Each year a farmer works hard to get his or her operation ready. As they prepare for the year, there is a long checklist of items they have to complete. From planting intentions to inspecting all the equipment; but they can’t forget to develop a marketing plan. This marketing plan will help them be prepared to capture opportunities as they present themselves.
We’ve all heard the sayings “Hindsight is 20/20” and “Past performance isn’t always indicative of future results”. This is the third year in a row we saw tight grain cash flows in the winter and spring, only to see markets rally in the late spring to early summer and then a sharp decline during the summer months. All 3 years had different reasons for these market moves, however it has provided opportunities for many grain producers. Now these opportunities had to be defined prior to them being recognized. Once an opportunity is defined a producer can develop a marketing plan. Each year it seems like the period of time to capture these has been shortened.
Also for the last three years, we have seen weather provide movement in the market. As we get further into the season and closer to crop maturity, the market tends to correct itself. With many snow storms in April we had a later spring than most wanted to see. However, May and June proved this year that heat and moisture can motivate this crop to faster maturity. Add the “Trade talks” to the fast maturing healthy crop and we see the influence in the market.
Now as we start small grain harvest and move closer to maturity for all crops, we see the supply & demand charts start to influence this market as well. The last few years we know there is supply; the question is what will demand do? With all the trade talk lately, the demand side is definitely a concern and is one of the major issues influencing our current market.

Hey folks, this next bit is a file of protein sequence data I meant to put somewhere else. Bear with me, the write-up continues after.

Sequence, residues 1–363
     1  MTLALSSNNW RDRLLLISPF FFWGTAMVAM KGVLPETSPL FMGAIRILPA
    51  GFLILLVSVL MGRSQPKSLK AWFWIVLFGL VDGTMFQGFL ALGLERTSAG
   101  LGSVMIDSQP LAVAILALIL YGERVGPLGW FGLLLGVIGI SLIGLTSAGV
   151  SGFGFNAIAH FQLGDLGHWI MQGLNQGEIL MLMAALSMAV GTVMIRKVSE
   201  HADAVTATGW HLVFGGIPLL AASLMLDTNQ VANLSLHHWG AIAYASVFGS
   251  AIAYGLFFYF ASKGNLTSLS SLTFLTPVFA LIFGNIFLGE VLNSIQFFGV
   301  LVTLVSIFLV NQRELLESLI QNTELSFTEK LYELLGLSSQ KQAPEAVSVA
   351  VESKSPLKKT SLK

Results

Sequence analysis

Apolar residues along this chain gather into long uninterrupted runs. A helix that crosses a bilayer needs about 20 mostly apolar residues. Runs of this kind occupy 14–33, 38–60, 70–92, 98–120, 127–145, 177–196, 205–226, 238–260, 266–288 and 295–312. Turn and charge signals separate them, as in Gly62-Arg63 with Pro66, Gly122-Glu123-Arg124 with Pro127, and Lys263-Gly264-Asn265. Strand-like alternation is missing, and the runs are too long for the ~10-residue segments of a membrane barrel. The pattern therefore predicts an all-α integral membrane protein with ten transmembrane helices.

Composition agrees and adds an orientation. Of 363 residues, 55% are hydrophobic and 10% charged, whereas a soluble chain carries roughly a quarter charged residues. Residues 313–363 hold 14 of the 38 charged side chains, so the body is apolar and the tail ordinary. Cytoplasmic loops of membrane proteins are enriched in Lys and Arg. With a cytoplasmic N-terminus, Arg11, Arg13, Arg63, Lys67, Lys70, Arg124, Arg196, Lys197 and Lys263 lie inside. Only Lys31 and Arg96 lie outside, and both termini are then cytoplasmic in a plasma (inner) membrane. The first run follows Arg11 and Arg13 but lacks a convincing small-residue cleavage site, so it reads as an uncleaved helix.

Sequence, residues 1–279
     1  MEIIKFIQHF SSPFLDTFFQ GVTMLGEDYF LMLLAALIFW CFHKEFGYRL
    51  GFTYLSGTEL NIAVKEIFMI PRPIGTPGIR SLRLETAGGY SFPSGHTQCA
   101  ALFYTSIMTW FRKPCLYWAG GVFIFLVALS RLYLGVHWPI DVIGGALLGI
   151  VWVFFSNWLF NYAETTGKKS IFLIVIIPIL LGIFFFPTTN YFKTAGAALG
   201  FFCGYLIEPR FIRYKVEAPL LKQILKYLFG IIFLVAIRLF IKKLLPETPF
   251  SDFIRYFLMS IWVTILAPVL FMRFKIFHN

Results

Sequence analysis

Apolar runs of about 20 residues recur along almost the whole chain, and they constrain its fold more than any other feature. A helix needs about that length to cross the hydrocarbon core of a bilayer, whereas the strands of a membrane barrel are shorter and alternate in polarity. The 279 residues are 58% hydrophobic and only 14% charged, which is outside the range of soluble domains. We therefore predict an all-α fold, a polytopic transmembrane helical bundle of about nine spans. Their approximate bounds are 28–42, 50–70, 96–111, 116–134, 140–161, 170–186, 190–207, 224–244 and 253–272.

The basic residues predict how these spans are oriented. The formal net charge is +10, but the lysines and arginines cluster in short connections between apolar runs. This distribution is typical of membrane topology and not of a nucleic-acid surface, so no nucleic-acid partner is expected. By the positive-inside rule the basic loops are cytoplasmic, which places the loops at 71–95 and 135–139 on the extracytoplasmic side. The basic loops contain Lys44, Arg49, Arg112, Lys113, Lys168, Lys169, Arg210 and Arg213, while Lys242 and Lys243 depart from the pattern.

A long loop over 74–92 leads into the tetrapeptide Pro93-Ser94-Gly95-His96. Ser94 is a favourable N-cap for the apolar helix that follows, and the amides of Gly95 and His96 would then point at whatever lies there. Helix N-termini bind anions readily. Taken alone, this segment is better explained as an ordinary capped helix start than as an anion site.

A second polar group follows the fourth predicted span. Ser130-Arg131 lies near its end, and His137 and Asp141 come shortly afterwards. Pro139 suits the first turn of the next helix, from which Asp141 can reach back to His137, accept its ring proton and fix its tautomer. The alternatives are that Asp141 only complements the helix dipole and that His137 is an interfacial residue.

To combat the effect of the new tariffs, the Trump administration announced an estimated $12 billion government assistance program. The program has a three pronged approach which includes direct farmer payments. I don’t know all the details yet, but we’re hoping to have more details out around Labor Day weekend.
What I have heard is there will be a multiplier used times your 2018 production produced for soybeans, corn, wheat, sorghum, cotton, dairy and pork. I hope to have much more detail for my Big Iron presentation in September.
Low prices can certainly be a challenge, but one thing we can be a little thankful for is the increase in volatility means we’ve had more chances to sell at profitable levels. The key to taking advantage of those levels is: first, knowing what your breakeven is, and second, having the will to pull the trigger. The second is often the more challenging because it usually involves selling into an “up” market and going against your emotional involvement.
Overcoming that challenge has a few different issues, but the best thing we can do is to have working orders at the local elevator. That way, the decision is already made by the time prices meet our objectives.